Kelowna News

Okanagan one of the best places in Canada to see solar eclipse

FILE PHOTO: A partial solar eclipse.
Image Credit:

OKANAGAN – If you have to be in Canada for the solar eclipse next week, you want to be in the Okanagan.

For approximately three hours on Monday, Aug. 21 the moon will partially block out the sun.

For those lucky enough to be in a narrow 100 km-wide band running between Salem, Oregon and Charleston, South Carolina, there will be a total solar eclipse. Everyone else, including those watching from the Okanagan, will get only partial coverage.

Ken Tapping of the Dominion Radio Astrophysical Observatory in Penticton says because the Okanagan lies along the track of totality, viewers here can expect up to 90 per cent coverage.

“We’ve got it best in the country,” he says. “The track of totality is close to the border on our side of the country. We’re well located. “

Tapping says the last solar eclipse visible from the Okanagan was in 1979.

“The next one that will hit Canada is in 2024 but that will be along the east coast,” he says. “This is our turn.”

The Okanagan is as close to the path of totality as anywhere else in Canada.
The Okanagan is as close to the path of totality as anywhere else in Canada.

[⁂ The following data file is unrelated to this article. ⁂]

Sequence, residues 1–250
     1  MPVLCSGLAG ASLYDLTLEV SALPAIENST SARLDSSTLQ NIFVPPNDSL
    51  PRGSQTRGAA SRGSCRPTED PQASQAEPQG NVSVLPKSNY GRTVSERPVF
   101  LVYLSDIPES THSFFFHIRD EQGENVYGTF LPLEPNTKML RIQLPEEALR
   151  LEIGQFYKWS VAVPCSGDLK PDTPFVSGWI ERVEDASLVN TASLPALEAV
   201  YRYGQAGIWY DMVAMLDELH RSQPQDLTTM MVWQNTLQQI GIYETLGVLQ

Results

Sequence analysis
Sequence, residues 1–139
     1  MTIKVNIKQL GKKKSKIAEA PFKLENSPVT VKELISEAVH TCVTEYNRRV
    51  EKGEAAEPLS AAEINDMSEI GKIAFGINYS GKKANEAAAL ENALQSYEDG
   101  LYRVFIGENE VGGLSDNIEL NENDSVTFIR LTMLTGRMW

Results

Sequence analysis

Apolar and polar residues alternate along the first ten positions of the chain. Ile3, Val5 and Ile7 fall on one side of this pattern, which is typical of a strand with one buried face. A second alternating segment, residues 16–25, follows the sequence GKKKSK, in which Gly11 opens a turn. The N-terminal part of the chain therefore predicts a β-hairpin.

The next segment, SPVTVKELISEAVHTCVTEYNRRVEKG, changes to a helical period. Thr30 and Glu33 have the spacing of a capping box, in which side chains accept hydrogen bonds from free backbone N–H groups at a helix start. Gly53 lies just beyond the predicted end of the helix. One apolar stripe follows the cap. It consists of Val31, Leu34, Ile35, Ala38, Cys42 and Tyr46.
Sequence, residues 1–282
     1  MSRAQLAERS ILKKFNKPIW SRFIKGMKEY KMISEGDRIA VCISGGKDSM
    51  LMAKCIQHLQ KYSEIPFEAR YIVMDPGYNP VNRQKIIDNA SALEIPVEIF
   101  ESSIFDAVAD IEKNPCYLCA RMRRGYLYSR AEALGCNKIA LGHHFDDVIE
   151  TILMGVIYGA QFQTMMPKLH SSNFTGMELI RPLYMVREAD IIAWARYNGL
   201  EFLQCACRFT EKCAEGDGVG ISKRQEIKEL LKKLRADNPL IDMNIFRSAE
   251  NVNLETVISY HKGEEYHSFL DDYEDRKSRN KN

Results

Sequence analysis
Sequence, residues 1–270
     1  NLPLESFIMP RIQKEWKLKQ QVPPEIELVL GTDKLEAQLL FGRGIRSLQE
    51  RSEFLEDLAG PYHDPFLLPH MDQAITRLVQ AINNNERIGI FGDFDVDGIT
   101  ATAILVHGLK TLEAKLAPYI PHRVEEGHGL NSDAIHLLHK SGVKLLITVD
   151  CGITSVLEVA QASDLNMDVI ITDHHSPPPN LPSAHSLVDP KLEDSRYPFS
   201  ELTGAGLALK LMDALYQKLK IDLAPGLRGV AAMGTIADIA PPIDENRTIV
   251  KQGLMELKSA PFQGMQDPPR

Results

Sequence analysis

Image Credit:

The moon will begin to block the sun in the Okanagan at 9:12 a.m., reach maximum coverage just before 10:30 a.m. and disappear again shortly before noon.

Viewing parties are planned across the Okanagan, including the Kelowna Curling Club where the Okanagan Centre of the Royal Astronomical Society of Canada is hosting a viewing party from 9 a.m. until noon.

The Astronomical Society is also inviting the public to join them at Okanagan College in Penticton, where solar telescopes and glasses will be available. An eclipse viewing event is also planned for Desert Park, outside Osoyoos.

The Okanagan Science Centre in Vernon is holding their own viewing party in their parking lot Monday morning. They too will have eclipse glasses, solar binoculars, a telescope with a solar filter as well as pinhole eclipse projectors.

Tapping warns that looking at the sun for even a few seconds can do permanent damage and recommends building a pinhole projector of your own.

“The brain has protective measures to stop our eyes from staring at sun, but that 'software' is easy to overcome,” he says.

He also says the sun and moon are not the only things to pay attention to during an eclipse.

“Look around you. Experience the whole thing,” he says. “The birds go quiet. It is amazing.”

American Astronomical Society list of reputable eclipse glasses sellers and manufacturers.

For more safety tips, visit NASA's dedicated solar eclipse safety website.

To contact a reporter for this story, email Adam Proskiw or call 250-718-0428 or email the editor. You can also submit photos, videos or news tips to the newsroom and be entered to win a monthly prize draw.

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